vineyard photos courtesy Concha y Toro

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Atlanta Symphony Orchestra Announces 2014-15 Season

In an announcement led by President and CEO Stanley E. Romanstein, Ph.D., Music Director Robert Spano and Principal Guest Conductor Donald Runnicles, the Atlanta Symphony Orchestra has announced its 2014–15 season.

ASOThe season marks the 70th anniversary of the ASO and the 40th anniversary of the Atlanta Symphony Youth Orchestra. It is also Mr. Spano’s and Mr. Runnicles’s 14th season as artistic partners.

The 24-week subscription season will feature world-class music of past centuries while paving the way for great music of the future with performances by today’s leading composers, soloists and conductors.

Among the highlights of the 2014-15 season:

• Three world premieres composed by Michael Gandolfi, Jonathan Leshnoff and Christopher Theofanidis

• Eleven Atlanta premieres

• A mini Beethoven festival led by Donald Runnicles

• Robert Spano to lead the Orchestra in Saint-Saëns’ Samson et Dalila

• Guest artists and conductors including John Adams, Marin Alsop, Emanuel Ax, Cameron Carpenter, Jeremy Denk, Lynn Harrell, Leila Josefowicz, Miloš Karadaglic, Lang Lang, Midori, Marc Piollet, Jessica Rivera and Jean-Yves Thibaudet

• Robert Spano and the Orchestra will release a fifth recording on ASO media

• ASO will expand residencies with Kennesaw State University and the University of Georgia, visiting each university three times during the season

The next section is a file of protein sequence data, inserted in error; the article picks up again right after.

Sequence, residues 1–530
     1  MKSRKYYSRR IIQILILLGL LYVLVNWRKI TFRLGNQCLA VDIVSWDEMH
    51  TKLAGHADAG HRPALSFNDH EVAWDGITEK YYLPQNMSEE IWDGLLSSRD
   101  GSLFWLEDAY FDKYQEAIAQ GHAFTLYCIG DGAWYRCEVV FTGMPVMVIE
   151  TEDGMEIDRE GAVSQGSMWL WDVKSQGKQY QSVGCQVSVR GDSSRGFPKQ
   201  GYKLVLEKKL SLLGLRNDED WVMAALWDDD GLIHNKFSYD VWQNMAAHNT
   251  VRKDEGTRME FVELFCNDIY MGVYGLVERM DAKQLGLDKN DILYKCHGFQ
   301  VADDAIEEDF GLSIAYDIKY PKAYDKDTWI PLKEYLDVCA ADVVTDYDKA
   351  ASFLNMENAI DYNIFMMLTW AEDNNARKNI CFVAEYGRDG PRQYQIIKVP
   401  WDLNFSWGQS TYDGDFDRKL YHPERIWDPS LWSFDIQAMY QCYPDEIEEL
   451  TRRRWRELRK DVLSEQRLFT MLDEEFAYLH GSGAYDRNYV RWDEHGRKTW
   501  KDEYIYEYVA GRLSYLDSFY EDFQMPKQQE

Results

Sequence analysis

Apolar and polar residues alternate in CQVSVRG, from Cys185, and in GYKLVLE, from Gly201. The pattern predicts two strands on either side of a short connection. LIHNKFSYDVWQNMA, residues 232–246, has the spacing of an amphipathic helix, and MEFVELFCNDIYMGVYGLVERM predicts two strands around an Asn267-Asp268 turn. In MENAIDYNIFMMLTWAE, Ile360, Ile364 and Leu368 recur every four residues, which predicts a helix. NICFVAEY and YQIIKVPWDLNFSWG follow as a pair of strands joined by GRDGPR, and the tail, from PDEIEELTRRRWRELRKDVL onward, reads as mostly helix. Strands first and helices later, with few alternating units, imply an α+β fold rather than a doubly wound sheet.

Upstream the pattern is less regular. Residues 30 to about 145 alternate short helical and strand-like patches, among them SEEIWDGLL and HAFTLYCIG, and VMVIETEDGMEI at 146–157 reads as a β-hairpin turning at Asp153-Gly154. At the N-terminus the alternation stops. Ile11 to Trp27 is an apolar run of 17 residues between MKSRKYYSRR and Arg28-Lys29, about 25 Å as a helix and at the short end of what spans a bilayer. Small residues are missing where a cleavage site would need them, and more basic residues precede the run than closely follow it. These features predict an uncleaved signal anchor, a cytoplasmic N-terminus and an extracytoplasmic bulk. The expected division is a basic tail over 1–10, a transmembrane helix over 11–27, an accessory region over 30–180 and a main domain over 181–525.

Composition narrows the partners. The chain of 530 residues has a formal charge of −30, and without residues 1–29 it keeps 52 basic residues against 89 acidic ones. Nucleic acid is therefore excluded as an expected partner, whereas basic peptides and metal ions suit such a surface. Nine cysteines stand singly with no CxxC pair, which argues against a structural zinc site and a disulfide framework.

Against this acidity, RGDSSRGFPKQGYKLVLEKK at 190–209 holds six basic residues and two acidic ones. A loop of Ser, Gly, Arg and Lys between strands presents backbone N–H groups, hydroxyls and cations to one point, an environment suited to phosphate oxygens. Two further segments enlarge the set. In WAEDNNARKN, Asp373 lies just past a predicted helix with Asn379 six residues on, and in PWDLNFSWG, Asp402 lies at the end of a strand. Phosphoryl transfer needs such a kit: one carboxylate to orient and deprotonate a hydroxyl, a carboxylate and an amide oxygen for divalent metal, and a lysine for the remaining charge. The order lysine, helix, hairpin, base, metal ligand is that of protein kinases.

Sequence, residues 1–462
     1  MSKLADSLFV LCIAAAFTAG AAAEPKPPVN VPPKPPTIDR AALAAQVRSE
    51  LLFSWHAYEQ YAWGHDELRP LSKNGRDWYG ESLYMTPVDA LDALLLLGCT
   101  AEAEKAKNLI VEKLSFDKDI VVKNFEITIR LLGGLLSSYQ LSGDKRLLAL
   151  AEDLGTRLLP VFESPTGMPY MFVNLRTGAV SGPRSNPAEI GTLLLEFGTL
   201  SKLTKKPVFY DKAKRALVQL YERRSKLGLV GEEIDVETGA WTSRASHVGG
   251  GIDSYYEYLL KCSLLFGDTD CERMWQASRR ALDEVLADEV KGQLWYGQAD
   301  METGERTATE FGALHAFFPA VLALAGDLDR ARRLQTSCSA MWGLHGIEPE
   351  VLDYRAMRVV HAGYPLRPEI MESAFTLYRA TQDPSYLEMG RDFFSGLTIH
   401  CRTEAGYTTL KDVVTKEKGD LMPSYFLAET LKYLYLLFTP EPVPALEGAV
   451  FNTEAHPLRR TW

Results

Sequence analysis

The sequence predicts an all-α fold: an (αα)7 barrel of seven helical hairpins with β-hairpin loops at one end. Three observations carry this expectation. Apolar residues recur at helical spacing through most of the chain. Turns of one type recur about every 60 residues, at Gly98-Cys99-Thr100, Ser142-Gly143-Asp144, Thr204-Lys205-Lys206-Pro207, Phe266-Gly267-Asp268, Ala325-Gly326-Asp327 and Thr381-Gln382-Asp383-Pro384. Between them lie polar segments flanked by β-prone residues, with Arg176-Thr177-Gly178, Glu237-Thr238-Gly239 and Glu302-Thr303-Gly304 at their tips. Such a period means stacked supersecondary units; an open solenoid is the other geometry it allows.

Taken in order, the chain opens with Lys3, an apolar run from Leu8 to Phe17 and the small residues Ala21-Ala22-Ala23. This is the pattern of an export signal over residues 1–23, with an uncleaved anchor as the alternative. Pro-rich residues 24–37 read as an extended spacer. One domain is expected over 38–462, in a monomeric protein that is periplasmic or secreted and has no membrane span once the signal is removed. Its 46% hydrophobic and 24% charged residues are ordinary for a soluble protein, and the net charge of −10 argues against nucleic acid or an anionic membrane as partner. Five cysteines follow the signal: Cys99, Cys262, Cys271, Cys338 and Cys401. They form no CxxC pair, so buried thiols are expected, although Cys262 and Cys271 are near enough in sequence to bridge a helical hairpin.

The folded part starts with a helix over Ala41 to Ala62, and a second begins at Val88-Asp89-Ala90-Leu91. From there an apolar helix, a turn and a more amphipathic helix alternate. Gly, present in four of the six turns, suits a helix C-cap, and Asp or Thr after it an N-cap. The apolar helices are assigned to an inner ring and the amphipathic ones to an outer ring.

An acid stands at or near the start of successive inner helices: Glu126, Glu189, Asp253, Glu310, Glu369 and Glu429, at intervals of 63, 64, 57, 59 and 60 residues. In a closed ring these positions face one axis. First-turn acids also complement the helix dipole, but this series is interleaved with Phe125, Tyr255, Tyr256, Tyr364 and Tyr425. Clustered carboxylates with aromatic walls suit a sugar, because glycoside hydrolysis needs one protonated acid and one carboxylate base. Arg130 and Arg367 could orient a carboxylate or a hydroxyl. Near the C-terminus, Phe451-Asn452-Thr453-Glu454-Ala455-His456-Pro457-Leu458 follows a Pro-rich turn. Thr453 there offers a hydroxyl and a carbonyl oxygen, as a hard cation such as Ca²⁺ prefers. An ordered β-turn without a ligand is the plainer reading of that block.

• ASO musicians will take center stage as soloists including principal clarinet Laura Ardan, concertmaster David Coucheron, principal percussion Thomas Sherwood and percussionist Charles Settle

• Free pre-concert chamber music series with ASO musicians will continue

• “First Friday” one-hour concerts will continue at 6:30 pm

Click here to view the 2014-15 season chronological listing (PDF)

For more on the Atlanta Symphony Orchestra visit www.atlantasymphony.org.

Provence Rosé Continues to Impress

By Maxine Howard

Two years after a grand tasting of Provençal rosés prompted me to write “Rethink Rosé,” apparently many Americans have done just that. In 2013, U.S. imports of rosé wines from Provence increased by 40% over the previous year. Not only are we drinking more rosés from France, but we are also discovering new rosés by a number of California winemakers in the Provençal style using grapes traditionally blended by the French vintners.

And why wouldn’t we relish drinking these wines? They grab your attention with their gorgeous color, ranging from pale pink to salmon blush; they tantalize with aromas of flowers and tropical fruits; and they quench a summer thirst with their dry yet flavorful taste and a hint of minerality.

In their return to San Francisco for another tour in March, the Vins de Provence reinforced their stature as serious purveyors of rosé wines in the fragrant yet lean style. Twenty-one producers sampled their wines, showing a range of styles and flavors. Some of the differences reflected varying combinations of the traditional grapes use in Provence rosé: Grenach, Cinsault, Syrah, Mourvedre, Tibouren, Carignan and Cabernet Sauvignon. Other differences resulted from the varying soil and climate conditions. And the final differences came from the sensibilities of the individual winemakers.

Here are some favorites from the tasting:

Chateau de PampelonneChateau de Pampelonne Rosé 2012
This wine from Les Maîtres Vignerons de Saint Tropez in Gassin is a blend of Grenache, Syrah, Cinsault, Carignan, Tibouren and Mourvedre. The grapes grow in sandy soil on the St. Tropez peninsula next to the beaches. They are harvested early in the morning while they are still cool. They are macerated for just two hours before being pressed, and remain on sediment for two months.